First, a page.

It’s The Three Award Winners, Best Poster, Best Student Presentation, And Best Overall Presentation Plus The Iprrg President, Frank Koch.
IPRRG president Frank Koch (second from right) and the three award winners for best poster, best student presentation and best overall presentation, won by Melanie Newfield (far right).

In September, Nairobi hosted the annual meeting of International Pest Risk Research Group (IPRRG). There, Melanie Newfield, a botanist and the author behind The Turnstone, was awarded ‘best presentation’. She shared with BioHeritage writer Kerry Donovan Brown why information is only part of what makes a good decision, and the botanical joys of visiting Sub-Saharan Africa.

When envisioning biosecurity risk in Africa, a layperson might deem those big bold ecosystems as unassailable by exotic pests. However, those in the know understand that African nations contend with an array of invasive organisms, and even share some problem situations with Aotearoa.

“The fall armyworm threatens massive economic damage when it infests food crops,” says Melanie, a contract researcher for SO3: He Tangata, He Taiao, He Ōhanga. “It’s particularly hard on maize, a very important crop across Africa.”

“It arrived as an invasive species in West Africa [from the Americas], and then spread across the continent. From there, the spread continued into Asia and Europe, and eventually got to us,” says Melanie.

The fall armyworm arrived in Aotearoa around February, 2022.

Other examples include infestations of water hyacinth (Pontederia crassipes), pictured below, and the Nile perch (Lates niloticus) in the great lakes, most notably Ukerewe/Lake Victoria. Aotearoa contends with similar incursions in our freshwater biomes.

Water hyacinth in Lake Naivasha, Kenya. Shutterstock image.

Melanie says East African countries are working together to mitigate biosecurity risks.

“Countries like Kenya and Tanzania have long-established histories of trade, so they’ve been thinking about risk assessment for a long time – and they support countries that are less developed in those areas.”

The IPRRG held the conference in association with the Kenya Plant Health Inspectorate Service, Centre for Agriculture and Biosciences International, and Cervantes Agritech.

By holding the conference in Kenya, IPRRG prioritised the folding of local expertise into the international knowledge pool. Melanie reckons about half of those in attendance were African.

The “best presentation” award was voted on by delegates. So, how did Melanie win the hearts of her colleagues?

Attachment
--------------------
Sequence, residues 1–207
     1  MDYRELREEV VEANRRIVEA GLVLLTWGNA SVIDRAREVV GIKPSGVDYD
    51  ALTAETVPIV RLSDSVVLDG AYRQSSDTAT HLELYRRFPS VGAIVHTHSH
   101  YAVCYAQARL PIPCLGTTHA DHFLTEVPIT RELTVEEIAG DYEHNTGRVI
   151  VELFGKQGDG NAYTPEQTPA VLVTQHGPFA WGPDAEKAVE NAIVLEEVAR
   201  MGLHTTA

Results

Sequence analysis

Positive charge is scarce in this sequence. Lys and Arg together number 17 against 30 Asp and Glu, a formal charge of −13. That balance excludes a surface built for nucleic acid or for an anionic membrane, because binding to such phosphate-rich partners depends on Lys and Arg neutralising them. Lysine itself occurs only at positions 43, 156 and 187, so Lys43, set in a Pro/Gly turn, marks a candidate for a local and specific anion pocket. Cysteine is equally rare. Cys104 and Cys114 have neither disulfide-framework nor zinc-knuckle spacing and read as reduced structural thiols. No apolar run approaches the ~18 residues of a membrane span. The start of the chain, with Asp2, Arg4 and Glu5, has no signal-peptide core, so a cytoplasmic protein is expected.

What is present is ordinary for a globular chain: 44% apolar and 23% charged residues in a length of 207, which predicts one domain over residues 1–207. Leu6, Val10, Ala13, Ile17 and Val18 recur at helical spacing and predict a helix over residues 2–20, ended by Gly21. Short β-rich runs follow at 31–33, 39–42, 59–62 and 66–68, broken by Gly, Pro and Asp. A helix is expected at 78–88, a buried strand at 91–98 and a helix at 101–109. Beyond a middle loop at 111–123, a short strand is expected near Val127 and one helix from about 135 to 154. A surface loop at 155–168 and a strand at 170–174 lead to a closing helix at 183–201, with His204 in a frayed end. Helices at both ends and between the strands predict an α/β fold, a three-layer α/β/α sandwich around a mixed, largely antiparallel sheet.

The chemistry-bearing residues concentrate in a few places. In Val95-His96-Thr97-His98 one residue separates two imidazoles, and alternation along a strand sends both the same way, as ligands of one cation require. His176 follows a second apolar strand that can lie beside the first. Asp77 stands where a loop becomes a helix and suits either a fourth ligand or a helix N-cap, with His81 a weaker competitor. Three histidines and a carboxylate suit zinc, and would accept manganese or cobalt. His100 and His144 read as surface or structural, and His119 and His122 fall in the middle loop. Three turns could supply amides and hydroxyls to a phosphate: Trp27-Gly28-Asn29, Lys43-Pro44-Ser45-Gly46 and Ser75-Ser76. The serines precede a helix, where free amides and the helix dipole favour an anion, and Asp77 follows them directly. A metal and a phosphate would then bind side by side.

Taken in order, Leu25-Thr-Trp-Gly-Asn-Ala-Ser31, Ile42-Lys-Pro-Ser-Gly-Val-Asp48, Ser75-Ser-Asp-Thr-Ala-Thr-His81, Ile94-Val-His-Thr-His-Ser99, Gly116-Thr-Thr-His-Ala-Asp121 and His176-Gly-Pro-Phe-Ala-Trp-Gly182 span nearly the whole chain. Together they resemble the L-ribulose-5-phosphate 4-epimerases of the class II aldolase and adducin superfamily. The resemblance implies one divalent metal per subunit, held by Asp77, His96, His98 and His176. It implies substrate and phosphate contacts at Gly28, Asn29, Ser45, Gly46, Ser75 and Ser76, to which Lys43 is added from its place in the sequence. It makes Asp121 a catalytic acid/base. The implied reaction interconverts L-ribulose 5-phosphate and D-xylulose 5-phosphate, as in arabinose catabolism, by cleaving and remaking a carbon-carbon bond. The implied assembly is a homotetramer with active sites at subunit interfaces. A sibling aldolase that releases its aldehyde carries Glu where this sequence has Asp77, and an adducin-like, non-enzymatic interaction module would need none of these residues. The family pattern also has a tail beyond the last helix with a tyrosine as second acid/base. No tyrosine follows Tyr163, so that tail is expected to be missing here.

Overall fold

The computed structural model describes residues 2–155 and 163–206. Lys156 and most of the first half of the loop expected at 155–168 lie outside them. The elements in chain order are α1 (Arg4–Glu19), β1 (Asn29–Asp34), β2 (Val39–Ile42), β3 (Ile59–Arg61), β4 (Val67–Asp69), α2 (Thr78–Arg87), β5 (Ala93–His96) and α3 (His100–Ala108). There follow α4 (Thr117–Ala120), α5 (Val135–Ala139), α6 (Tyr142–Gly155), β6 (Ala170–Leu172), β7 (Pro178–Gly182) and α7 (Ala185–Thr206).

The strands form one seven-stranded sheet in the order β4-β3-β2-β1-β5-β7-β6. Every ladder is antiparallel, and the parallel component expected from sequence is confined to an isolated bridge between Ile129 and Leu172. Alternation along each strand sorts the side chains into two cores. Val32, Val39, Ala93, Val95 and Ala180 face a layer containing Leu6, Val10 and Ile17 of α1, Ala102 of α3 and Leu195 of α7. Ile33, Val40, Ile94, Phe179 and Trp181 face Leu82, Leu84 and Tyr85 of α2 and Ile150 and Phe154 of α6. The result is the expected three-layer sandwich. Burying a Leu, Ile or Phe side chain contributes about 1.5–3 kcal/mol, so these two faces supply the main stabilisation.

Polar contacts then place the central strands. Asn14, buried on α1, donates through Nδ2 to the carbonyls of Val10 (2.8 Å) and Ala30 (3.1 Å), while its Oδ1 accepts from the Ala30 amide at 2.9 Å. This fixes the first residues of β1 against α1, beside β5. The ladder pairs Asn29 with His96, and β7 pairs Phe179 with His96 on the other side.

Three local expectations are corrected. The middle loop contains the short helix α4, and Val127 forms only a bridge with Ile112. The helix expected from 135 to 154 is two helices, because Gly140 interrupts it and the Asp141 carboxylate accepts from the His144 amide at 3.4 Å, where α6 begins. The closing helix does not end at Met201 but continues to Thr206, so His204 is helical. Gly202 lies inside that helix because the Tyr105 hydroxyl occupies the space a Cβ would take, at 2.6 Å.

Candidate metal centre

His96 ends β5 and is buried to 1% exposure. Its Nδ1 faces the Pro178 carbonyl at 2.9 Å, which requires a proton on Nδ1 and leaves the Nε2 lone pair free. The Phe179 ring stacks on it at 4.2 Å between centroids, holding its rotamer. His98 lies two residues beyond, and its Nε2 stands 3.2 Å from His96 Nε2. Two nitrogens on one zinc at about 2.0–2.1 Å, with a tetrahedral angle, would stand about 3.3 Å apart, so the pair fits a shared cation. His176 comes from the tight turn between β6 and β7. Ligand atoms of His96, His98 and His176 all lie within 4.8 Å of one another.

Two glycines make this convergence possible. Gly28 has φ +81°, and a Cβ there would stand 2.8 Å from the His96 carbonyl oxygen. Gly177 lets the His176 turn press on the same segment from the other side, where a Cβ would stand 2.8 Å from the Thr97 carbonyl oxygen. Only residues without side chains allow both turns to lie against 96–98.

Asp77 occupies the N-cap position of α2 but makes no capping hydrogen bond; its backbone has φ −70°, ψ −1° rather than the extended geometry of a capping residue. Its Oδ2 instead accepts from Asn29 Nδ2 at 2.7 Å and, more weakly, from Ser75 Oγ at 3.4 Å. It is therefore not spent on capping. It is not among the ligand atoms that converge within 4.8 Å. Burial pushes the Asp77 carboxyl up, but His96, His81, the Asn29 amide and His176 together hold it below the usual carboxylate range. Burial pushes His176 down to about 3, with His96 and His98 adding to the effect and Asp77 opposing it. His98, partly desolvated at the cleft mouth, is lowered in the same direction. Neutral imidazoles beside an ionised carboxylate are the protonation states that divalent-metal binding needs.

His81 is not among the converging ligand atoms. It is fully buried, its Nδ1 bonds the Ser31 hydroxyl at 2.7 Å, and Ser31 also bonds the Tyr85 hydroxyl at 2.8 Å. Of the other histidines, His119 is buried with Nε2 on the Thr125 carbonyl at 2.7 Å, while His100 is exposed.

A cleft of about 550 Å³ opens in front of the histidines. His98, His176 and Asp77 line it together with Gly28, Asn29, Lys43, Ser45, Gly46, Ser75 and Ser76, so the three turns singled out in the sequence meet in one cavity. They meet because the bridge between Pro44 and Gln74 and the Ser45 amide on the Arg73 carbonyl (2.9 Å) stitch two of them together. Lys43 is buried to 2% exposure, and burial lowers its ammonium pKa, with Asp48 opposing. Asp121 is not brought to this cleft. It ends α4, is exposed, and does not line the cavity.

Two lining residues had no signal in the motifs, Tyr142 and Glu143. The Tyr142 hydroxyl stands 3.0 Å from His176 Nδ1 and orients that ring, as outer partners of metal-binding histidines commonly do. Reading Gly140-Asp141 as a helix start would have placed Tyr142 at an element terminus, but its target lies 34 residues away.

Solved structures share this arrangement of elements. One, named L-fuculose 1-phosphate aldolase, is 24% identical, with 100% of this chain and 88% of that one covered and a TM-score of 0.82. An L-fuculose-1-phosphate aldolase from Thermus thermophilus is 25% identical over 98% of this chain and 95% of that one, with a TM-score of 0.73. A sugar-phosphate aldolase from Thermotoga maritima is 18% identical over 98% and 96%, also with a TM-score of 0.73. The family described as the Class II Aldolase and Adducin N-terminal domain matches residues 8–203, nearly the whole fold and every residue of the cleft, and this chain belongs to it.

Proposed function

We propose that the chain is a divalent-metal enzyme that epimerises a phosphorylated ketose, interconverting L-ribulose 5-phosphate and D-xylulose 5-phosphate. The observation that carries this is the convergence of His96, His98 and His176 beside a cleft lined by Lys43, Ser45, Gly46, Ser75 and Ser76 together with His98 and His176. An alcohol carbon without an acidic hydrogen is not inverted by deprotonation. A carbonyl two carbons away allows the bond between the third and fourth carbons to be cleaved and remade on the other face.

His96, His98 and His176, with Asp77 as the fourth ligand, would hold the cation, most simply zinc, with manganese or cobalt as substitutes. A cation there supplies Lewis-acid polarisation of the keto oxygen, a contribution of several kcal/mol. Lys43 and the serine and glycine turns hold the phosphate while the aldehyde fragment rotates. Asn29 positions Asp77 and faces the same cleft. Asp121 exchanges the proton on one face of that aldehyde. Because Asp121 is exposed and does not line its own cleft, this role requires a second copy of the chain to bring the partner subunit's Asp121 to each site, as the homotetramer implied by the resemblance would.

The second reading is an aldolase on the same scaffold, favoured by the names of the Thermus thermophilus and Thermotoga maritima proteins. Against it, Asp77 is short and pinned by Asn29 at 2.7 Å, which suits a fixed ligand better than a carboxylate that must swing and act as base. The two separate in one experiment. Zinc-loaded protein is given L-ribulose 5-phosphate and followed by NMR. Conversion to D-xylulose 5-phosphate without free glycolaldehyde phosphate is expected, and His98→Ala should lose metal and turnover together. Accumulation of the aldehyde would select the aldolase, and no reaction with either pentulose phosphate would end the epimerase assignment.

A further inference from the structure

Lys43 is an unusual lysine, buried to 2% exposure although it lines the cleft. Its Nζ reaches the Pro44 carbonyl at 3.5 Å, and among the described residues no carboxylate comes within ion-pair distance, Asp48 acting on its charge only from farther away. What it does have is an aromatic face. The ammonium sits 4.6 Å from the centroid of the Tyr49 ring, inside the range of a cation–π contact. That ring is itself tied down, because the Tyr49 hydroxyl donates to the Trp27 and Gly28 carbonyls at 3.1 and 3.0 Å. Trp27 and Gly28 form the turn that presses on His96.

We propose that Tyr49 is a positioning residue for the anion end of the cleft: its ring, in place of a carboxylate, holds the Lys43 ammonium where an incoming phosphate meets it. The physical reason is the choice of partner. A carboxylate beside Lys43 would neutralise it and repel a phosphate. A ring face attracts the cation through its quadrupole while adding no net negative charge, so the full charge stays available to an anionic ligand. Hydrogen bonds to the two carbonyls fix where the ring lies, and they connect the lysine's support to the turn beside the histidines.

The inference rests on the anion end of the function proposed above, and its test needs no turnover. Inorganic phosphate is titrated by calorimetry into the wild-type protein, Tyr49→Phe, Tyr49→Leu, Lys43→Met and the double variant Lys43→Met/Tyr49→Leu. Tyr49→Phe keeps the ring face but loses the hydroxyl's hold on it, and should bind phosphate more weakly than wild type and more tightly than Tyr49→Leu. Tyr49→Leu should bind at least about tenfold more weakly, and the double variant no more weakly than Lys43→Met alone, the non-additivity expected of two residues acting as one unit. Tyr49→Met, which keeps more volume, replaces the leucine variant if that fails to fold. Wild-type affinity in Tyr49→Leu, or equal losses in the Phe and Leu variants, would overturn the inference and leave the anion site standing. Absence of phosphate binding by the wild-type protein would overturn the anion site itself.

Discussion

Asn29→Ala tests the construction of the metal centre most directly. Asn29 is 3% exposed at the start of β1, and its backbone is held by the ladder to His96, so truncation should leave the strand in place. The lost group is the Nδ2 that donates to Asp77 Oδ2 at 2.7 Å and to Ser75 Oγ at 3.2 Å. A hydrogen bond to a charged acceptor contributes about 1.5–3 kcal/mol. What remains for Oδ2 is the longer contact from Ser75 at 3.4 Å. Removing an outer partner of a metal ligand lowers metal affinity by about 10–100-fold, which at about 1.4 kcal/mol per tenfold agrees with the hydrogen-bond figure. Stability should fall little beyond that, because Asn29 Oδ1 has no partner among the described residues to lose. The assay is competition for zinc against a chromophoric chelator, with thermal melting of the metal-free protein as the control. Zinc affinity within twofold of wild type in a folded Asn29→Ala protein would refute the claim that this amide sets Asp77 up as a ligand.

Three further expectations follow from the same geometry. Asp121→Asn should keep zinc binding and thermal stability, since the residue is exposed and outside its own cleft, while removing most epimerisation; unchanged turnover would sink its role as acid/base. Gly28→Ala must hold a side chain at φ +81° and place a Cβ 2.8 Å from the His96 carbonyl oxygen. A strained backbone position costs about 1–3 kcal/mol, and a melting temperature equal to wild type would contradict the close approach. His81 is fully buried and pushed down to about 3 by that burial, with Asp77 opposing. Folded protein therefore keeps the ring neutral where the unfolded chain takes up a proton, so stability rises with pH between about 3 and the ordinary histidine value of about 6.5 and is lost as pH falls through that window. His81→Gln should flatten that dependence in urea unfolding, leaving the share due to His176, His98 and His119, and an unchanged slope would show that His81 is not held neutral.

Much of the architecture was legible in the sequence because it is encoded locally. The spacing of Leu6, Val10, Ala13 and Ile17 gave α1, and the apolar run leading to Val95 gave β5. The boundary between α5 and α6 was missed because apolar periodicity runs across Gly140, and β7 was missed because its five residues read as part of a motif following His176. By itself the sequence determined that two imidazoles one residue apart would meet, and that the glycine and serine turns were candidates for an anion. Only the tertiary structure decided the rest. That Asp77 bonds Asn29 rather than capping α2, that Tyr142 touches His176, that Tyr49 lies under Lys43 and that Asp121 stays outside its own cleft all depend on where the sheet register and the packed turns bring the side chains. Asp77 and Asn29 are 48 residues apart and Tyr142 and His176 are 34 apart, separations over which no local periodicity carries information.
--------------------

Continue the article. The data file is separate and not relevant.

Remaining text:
A clue lies on the homepage of The Turnstone, Melanie’s science communication website. The mission statement reads: “I believe that the science behind important issues should be accessible to everyone”.

Melanie’s presentation looked at the link between risk assessment and decision making. In particular, she’s interested in what makes a good decision.

“Information is only part of what makes a good decision,” she says. “For example, if you don’t have the right people involved it won’t be felt to be a good decision.”

It was highlighted in discussions that good decisions need diverse perspectives and voices.

“Even before you’ve defined the objectives, the people involved need to be considered. It’s those people who define the objectives and goals. And you can’t get those goals on the table unless you’ve brought those people into the room,” says Melanie.

Me And Eucalyptus Pilularis
Melanie Newfield: “Me and Eucalyptus pilularis”

The IPRRG conference marked Melanie’s first visit to Sub-Saharan Africa. In addition to the programme, she enthusiastically scheduled interviews with local experts, including with a group of women who are working in various aspects of women’s rights and development.

Melanie’s Kenya article series are available to read on The Turnstone and include titles such as “Mountain Mists: A botanist’s delight on Kenya’s highest mountain”, “Wildflowers of the Maasi Mara”, and “Mobilised: Kenya’s financial revolution gives me hope”.

In Mountain Mists, Melanie journeys up Mount Kenya, where she was able to observe alpine plants, some of which she recognised as related to New Zealand species.

“That was so exciting,” she says. “I was squealing with excitement at finding Kenya sphagnum moss and Kenyan gentiums. Tiny things growing in little cushions. My guide was really into plants, but he had never had someone so excited about these little things before.”

Kerry Donovan Brown

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